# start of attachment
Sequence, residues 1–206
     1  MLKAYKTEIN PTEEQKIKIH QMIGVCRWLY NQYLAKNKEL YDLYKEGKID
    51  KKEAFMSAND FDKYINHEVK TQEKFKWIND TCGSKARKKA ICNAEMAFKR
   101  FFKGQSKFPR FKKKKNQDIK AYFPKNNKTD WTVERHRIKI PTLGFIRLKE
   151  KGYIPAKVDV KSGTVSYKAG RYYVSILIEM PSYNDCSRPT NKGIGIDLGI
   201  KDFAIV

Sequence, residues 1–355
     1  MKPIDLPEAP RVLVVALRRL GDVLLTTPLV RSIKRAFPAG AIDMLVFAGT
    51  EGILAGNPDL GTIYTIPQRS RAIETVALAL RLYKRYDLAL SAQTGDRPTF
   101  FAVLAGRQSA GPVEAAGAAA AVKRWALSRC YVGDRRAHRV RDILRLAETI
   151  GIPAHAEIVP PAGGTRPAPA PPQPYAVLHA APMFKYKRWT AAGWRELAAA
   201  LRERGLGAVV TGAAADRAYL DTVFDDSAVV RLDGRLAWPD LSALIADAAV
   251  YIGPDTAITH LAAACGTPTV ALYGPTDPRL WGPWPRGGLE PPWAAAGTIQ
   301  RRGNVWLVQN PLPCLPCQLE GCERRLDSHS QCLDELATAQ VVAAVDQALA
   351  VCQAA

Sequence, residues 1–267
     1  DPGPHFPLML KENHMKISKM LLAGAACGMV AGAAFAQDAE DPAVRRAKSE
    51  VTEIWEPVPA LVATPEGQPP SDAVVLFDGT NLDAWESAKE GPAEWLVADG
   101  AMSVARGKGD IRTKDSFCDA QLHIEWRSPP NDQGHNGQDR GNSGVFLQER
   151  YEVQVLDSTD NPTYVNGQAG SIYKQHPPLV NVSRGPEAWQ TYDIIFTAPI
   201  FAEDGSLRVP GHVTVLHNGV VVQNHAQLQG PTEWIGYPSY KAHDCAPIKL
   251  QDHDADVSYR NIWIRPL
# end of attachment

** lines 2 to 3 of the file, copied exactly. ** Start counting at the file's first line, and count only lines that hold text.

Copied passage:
     1  MLKAYKTEIN PTEEQKIKIH QMIGVCRWLY NQYLAKNKEL YDLYKEGKID
    51  KKEAFMSAND FDKYINHEVK TQEKFKWIND TCGSKARKKA ICNAEMAFKR